“Based on survey responses from 469 faculty members in ecology and evolutionary biology across the U.S., the researchers found that most respondents engaged in diversity and inclusion work. But those who did the most work were significantly more likely to self-identity as nonwhite, nonmale or first-generation college attendee.”By Colleen Flaherty, Inside Higher Ed June 4, 2019
When talking with other people of color who work in higher education, the outcome of this study is not surprising. While this study was with faculty working specifically in ecology and biology departments, I believe the experiences would extend past these faculty. How do we solve this issue on campuses across the country?
Co-author Liba Pejchar, an associate professor in the department of fish, wildlife and conservation biology at Colorado State University, said it’s already a best practice to ask candidates for faculty positions to demonstrate commitment to diversity and inclusion in their applications — often called diversity statements.
Yet once these faculty members are hired, she said, “we never again ask them to affirm how they have met this commitment.” Pejchar and her team recommend incorporating evidence of this “shared responsibility” into annual evaluations, “and possibly even tenure and promotion decisions makes sense if we are truly to transform our field.”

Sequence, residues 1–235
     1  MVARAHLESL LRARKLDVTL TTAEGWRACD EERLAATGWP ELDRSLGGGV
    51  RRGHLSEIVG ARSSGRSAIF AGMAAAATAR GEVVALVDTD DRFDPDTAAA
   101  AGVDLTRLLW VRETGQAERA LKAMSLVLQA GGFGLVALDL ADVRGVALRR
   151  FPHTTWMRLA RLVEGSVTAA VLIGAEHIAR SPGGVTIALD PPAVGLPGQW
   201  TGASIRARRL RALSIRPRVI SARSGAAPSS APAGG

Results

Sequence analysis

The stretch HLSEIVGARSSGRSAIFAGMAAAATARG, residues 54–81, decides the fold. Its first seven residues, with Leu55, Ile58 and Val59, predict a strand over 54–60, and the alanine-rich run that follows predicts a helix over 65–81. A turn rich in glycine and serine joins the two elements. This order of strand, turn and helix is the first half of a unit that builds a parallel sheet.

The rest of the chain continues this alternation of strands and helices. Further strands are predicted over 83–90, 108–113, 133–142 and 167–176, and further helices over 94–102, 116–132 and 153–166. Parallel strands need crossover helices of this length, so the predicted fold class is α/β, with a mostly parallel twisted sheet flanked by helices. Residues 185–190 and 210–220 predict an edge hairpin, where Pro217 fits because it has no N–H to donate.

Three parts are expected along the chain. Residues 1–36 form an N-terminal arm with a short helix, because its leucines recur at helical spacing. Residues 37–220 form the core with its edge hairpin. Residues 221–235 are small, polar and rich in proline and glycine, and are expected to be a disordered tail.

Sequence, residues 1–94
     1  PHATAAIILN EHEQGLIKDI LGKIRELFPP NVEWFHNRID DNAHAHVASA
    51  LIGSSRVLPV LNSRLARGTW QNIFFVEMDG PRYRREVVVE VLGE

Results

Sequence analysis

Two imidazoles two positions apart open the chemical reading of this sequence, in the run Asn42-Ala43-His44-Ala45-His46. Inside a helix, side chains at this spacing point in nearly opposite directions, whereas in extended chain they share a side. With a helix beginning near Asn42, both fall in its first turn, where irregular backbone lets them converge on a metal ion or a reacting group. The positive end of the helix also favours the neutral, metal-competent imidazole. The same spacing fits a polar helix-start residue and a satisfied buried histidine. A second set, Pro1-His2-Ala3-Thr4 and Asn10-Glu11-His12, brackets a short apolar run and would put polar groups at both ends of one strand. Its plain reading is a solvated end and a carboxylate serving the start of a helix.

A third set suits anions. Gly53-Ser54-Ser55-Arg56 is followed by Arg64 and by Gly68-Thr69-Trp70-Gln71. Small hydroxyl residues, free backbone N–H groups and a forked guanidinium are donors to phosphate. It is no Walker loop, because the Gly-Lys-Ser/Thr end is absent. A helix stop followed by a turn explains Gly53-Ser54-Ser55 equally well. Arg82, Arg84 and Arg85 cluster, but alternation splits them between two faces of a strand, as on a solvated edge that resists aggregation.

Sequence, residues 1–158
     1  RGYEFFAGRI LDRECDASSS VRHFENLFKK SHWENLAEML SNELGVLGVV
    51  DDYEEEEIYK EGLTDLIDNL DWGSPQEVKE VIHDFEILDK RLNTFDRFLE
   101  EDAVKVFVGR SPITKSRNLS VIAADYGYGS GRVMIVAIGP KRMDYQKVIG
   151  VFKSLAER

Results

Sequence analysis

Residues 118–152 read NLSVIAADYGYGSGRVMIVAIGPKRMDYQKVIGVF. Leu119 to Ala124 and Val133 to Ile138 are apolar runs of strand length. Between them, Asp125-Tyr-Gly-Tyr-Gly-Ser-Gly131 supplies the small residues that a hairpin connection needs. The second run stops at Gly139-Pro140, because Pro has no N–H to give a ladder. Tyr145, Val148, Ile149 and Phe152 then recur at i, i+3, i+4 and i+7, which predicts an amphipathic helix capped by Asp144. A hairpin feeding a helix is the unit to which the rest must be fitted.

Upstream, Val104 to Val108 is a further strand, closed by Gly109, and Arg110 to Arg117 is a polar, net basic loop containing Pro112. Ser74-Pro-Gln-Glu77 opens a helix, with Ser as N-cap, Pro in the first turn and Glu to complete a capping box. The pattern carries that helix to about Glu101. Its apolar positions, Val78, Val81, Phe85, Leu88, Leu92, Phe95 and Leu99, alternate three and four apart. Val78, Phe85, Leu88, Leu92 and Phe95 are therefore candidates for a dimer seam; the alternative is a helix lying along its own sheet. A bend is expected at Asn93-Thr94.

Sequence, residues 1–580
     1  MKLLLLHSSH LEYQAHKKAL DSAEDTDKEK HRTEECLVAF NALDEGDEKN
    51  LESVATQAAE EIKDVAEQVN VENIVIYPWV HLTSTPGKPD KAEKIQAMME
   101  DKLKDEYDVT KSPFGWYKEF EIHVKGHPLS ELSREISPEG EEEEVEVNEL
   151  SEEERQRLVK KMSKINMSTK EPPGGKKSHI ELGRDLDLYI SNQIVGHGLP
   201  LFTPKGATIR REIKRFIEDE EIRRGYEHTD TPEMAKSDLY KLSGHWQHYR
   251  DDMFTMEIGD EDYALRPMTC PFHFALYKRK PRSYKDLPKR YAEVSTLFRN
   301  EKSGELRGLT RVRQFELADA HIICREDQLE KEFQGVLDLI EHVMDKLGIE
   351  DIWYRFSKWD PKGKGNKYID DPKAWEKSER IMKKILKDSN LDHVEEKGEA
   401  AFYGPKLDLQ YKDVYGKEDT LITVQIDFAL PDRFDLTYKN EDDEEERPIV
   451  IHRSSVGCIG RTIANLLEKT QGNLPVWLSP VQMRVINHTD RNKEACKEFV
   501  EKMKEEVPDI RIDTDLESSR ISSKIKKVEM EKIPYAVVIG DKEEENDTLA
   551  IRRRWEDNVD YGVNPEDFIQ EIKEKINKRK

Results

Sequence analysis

Everyone should be practicing “inclusive pedagogy and taking time to mentor students from diverse backgrounds,” for example, she said.By Colleen Flaherty, Inside Higher Ed June 4, 2019
I believe these same questions get asked in student affairs interviews, but we never ask or include the same inclusive expectations. What does your institution do to ensure that new hires, regardless of background, are participating in inclusive practices?
Read More at Undue Burden by Colleen Flaherty in Inside Higher Ed. Part of WiFi (What I Find Interesting) Wednesday.
Below is a book that presents the stories of people of color on the faculty tenure track – check it out!